After my rant last week about Black Friday, I owe it to my reader(s) to do my American duty and encourage Christmas shopping. Here are some reviews of a few of my recent favorite books (and one guilty pleasure):
The Tiger, by John Vaillant
Imagine the most isolated part of Russia in the middle of winter. The Soviet Union has fallen, and anarchy bubbles under a thin veneer of order. Everyone’s poor and desperate, living in crumbling buildings or shacks and driving crappy old Russian military vehicles. And there’s a man-eating Siberian tiger on the loose that seems to have stalked and murdered a poacher. It actually happened, and to complement the perfect true story is the masterly prose of the Canadian author. Seriously one of the best books I’ve ever read, and I’ve read a few.
Born to Run, by Christopher McDougall
This is a wild ride (or run) alongside insane athletes who run huge distances for fun, from world-class ultramarathoner Scott Jurek (who hails from the Duluth area) to the Tarahumara Indians, who are known for running hundreds of miles at a time, to guys like Barefoot Ted, a California hippie who helped start the barefoot running craze, and Caballo Blanco, a mysterious American who moved to Mexico to learn running from the Tarahumara. Weird, funny, and inspiring, and if that’s not enough, it also presents a compelling theory of our primate ancestors’ evolution from tree dwellers to hunters on the savannah. If you know someone who runs or is thinking of starting, get them this book.
Guns, Germs and Steel, by Jared Diamond
This book pretty much tells the whole story of human civilization, from the first permanent agricultural settlements to the colonization of the continents by Europeans. It presents a theory about why Europeans were the ones to conquer other races and not vice versa, and it has nothing to do with any biological superiority and everything to do with the fact that they originated in a region that had the right plant and animal species to support civilization (and the microorganisms that decimated other cultures).
Freedom, by Jonathan Franzen
This was the talk of the American literary scene last year, so I was determined not to read it. I’m glad I changed my mind. The book tells the story of an upper-middle-class couple in St. Paul facing a growing antagonism toward each other and their children. The author is 51, and I’m 48, so the contours of the story were so familiar that the characters seemed like old friends, and their struggles were real enough to be painful. It captures the spirit of the last two decades, with a punk rocker turned alt-country singer, an environmentalist idealist coping with the harsh realities of capitalism, and young kids and an aging mom with so much moral and economic freedom that it becomes a new kind of enslavement.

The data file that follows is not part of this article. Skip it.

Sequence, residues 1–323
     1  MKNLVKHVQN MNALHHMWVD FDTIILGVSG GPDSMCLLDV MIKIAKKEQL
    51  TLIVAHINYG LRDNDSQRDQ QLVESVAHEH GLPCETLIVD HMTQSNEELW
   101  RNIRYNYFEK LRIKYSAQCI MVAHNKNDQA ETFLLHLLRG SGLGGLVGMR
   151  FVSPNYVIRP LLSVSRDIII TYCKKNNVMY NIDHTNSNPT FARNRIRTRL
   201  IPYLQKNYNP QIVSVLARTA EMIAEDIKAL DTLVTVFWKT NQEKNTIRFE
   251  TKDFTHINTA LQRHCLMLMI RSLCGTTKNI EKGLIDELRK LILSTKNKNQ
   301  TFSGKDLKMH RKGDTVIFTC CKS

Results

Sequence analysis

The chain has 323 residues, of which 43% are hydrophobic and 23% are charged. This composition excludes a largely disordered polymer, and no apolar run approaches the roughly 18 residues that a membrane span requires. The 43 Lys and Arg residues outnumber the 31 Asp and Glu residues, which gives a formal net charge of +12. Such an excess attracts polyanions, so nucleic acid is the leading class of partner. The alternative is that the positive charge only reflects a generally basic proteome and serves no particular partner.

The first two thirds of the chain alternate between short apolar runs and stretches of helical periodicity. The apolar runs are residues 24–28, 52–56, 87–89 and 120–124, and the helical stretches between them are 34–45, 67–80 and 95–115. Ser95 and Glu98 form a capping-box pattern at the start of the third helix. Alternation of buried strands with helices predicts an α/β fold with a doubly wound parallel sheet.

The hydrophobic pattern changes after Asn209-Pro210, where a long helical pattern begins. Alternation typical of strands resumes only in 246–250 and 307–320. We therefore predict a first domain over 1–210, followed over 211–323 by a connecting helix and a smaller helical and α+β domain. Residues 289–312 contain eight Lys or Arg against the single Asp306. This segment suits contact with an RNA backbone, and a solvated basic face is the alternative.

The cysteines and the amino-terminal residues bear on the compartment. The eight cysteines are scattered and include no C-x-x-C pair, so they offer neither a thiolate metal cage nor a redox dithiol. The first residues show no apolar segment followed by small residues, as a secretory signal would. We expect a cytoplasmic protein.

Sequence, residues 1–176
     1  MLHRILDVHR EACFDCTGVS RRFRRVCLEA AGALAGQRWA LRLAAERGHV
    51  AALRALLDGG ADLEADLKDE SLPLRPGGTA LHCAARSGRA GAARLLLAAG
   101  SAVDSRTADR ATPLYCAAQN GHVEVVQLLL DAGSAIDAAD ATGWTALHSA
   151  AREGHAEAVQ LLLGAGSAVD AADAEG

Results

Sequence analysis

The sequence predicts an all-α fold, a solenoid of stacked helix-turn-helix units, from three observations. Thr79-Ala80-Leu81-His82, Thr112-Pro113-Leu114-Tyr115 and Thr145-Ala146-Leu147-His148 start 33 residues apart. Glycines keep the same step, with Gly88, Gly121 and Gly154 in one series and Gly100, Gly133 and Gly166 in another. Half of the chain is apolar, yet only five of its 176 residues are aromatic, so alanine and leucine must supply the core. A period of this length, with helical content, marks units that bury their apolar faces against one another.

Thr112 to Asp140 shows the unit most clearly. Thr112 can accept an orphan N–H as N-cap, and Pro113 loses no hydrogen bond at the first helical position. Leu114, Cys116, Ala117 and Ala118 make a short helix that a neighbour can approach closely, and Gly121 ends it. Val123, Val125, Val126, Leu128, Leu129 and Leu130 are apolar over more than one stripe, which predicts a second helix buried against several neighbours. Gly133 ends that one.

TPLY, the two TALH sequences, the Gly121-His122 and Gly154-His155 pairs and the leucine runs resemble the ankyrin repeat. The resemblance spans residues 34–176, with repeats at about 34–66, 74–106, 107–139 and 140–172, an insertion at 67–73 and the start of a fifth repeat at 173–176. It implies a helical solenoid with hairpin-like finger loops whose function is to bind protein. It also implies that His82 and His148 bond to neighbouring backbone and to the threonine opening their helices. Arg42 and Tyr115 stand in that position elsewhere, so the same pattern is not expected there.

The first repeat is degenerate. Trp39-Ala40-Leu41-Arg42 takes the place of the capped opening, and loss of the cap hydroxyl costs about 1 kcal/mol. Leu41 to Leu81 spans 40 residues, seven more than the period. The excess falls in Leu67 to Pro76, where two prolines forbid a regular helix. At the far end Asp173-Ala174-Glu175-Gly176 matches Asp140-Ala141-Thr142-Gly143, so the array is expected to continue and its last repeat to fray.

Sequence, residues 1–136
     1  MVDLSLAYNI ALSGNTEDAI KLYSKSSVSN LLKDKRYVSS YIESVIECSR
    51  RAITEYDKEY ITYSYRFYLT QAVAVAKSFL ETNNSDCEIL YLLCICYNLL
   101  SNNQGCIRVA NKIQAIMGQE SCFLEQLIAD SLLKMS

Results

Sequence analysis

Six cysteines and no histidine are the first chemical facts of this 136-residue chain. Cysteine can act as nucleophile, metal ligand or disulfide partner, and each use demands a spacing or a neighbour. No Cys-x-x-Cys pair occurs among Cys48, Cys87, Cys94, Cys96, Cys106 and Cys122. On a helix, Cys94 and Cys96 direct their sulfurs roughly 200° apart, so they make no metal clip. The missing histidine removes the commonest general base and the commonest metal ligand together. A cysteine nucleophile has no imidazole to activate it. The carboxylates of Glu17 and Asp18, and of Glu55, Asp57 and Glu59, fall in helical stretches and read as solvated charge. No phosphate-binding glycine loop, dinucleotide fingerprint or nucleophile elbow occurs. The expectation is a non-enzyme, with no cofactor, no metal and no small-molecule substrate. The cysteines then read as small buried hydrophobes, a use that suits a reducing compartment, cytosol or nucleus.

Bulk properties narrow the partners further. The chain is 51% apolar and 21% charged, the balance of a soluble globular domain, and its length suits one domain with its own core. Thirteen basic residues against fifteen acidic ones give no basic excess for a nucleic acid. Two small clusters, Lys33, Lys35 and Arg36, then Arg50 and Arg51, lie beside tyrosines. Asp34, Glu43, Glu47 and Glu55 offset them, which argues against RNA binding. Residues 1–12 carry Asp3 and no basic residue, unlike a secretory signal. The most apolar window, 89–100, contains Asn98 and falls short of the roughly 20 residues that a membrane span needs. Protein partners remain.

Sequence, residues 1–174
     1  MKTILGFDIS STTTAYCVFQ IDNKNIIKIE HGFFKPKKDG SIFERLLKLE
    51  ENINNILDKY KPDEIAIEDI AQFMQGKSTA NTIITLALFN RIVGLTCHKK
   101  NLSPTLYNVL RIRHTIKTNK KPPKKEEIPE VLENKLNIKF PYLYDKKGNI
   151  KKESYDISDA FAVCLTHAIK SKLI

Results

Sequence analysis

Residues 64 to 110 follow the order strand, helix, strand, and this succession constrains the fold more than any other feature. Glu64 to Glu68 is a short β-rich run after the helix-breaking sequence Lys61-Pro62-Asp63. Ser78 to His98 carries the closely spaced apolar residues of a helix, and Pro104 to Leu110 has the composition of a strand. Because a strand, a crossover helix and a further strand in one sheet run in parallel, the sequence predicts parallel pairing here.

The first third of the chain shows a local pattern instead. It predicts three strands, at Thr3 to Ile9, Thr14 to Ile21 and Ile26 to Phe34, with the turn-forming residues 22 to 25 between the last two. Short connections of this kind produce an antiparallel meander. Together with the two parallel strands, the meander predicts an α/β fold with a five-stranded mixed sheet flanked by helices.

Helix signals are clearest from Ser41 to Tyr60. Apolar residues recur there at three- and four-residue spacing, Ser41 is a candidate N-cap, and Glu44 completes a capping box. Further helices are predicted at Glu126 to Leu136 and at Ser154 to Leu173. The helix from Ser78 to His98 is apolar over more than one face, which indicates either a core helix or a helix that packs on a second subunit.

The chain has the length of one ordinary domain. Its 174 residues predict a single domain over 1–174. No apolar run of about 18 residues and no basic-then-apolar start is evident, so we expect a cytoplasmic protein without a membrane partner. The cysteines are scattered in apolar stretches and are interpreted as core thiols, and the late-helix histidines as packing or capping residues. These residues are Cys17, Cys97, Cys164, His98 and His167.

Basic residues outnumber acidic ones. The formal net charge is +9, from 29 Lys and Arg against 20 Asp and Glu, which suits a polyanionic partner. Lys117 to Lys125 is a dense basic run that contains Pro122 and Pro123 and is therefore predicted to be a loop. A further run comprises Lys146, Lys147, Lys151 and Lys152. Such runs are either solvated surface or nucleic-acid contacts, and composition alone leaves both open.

One Day, by David Nicholls
I swear, I only picked up this cheesy English romance because my daughter finished it right when I was looking for a new book. (Oh, sure, you say.) To my great horror, I couldn’t put it down and by the end was blubbering like a baby. It’s another one for those of us who were adjusting to adulthood in the late 1980s, but my 16-year-old loved it too. We watched the movie the other night, and it wasn’t as bad as the reviews made me expect.
Honorable mention: City of Thieves, David Benioff — A darkly comic novel about the siege of Leningrad. Shadow of the Wind, Carlos Ruiz Zafon — A gothic romance set in Barcelona in the early 20th century. The Autobiography of Malcolm X, by Alex Haley — shoulda read it decades ago. Into the Wild and Into Thin Air by John Krakauer — great adventures about Alaska and Mount Everest. World Gone Beautiful: Life Along the Rum River — a memoir by local author Linda Buturian, which features a cameo or two by your humble editor (who happens to be her brother-in-law). Sensual Orthodoxy by Debbie Blue. If you have a Christian on your list who likes theology and/or the Bible but is not exactly mainstream in their faith, this is a great book. Debbie is a Milaca writer and one of my favorite neighbors. Happy shopping, and respond on line or in a letter to the editor with your book recommendations!
Brett Larson is the editor of the Messenger.